15. 15. Gameframing can encourage creativity &productivity100 Billion TV Hours 100 Million Wikipedia Hours, etc.
  16. 16. How do Beliefs become Rules?““Build teamBuild teamconsensus”consensus”““Create completeCreate completefunctionality in everyfunctionality in everyprototype”prototype”““Make every designMake every designlook great”look great”““Consider technicalConsider technicalconstraints first”constraints first”DesignDesign““Beliefs” can becomeBeliefs” can become““Rules”Rules”
  17. 17. Changing Beliefs Changes RulesBelief 1Belief 1 Belief 2Belief 2 Belief 3Belief 3NewNewBelief 1Belief 1NewNewBelief 2Belief 2NewNewBelief 3Belief 3Kids won’tKids won’tunderstandunderstandShakespeareShakespeareKids wantKids wantto playto play““greatness”greatness”Only expertsOnly expertsknow howknow howto writeto writeAnyone canAnyone cancontributecontributeknowledgeknowledgeFarmersFarmersdon’t knowdon’t knowhow to savehow to savePeople havePeople havemoments ofmoments ofresolutionresolution
  18. 18. User Research GameVariationsUsabilityUsabilityResearchResearch““Usability researchUsability researchmust be conductedmust be conductedin person”in person”
  19. 19. User Research GameVariationsUsabilityUsabilityResearchResearchRemoteRemoteResearchResearch MoraeMoraeInternetInternet““UsabilityUsabilityresearchresearchmust bemust bemoderated”moderated”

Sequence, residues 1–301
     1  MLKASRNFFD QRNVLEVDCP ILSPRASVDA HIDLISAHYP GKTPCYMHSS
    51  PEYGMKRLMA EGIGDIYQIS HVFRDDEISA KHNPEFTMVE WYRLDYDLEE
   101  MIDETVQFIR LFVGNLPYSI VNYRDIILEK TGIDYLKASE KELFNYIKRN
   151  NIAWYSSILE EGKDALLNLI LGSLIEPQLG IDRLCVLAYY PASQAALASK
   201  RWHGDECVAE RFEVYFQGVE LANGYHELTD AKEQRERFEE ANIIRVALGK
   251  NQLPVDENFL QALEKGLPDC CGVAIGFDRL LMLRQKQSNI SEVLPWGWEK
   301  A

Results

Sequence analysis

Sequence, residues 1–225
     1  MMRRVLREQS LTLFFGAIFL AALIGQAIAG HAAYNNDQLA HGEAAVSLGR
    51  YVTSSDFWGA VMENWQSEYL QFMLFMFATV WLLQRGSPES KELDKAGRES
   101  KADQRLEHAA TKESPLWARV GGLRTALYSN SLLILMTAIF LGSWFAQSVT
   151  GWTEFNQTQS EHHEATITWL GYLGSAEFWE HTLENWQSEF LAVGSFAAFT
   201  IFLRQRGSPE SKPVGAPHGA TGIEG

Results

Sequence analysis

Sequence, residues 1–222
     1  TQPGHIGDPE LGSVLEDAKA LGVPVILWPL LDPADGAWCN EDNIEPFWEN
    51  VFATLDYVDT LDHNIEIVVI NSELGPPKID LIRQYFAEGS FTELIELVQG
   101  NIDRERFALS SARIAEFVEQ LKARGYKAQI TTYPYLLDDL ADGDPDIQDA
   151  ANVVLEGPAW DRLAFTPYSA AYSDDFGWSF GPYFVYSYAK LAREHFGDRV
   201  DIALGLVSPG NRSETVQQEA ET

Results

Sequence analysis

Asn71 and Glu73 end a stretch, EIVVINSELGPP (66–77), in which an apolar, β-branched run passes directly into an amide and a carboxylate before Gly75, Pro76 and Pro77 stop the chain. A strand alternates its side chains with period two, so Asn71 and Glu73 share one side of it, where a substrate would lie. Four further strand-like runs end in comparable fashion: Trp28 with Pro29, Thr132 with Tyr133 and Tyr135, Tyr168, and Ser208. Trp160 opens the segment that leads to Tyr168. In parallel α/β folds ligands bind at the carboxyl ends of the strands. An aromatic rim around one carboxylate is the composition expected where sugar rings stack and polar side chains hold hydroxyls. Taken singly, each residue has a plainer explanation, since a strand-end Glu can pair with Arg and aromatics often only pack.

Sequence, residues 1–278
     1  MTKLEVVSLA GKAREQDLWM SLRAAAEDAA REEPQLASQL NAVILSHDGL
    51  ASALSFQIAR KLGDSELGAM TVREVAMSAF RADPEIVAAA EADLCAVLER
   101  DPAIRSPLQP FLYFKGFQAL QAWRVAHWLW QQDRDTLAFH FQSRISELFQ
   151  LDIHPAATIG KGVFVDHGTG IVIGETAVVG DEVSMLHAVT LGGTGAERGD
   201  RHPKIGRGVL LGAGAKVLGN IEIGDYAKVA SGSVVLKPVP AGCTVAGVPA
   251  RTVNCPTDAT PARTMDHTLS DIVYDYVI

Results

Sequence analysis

20. 20. User Research GameVariationsUsabilityUsabilityResearchResearchRemoteRemoteResearchResearchAutomaticAutomaticSurveySurveyMoraeMorae NetRakerNetRakerDetailedDetailedFeedbackFeedbackInternetInternet““UsabilityUsabilityresearchresearchmust bemust beformal,formal,detailed”detailed”
  21. 21. User Research GameVariationsUsabilityUsabilityResearchResearchRemoteRemoteResearchResearchAutomaticAutomaticSurveySurveyAbbreviatedAbbreviatedGuerrillaGuerrillaMoraeMorae
  22. 22. How about changing UX rules?Belief 1Belief 1 Belief 2Belief 2 Belief 3Belief 3NewNewBelief 1Belief 1NewNewBelief 2Belief 2NewNewBelief 3Belief 3Need teamNeed teamconsensusconsensusExperimentExperimentwithwithmany designmany designoptionsoptionsTechnicalTechnicalconstraintsconstraintsa prioritya prioritySuspendSuspendconstraintsconstraintsuntil lateruntil laterMake everyMake everydesign lookdesign lookgreatgreatEarly designsEarly designswill bewill bevery roughvery rough
  24. 24. Consider All the game elements...Point of the GameExistential RulesRules of ActionRules of StrategyGoalsOutcomesEffectsRequiredAllowedNot AllowedHistoricalExperimentalGenerativeSpacePlayersPieces
  25. 25. Experiment with yourgame design...Deconstruct Rules & BeliefsRedesign Point & RulesPlay with new RulesConsider Playability & StorylineExperiment & Evolve
  26. 26. “Play is FUN!!”...Challenges“Not too hard, not too easy”LevelsFeedbackRewards / Encouragement / PleasurePenalties / PainMilestones / Measures / MetricsCommunity RecognitionCustomization / StyleVelocity of Rewards / Excitement
  27. 27. Questions?•GameFraming•Naviscent•Copyright © 2010 Douglas K. van Duyne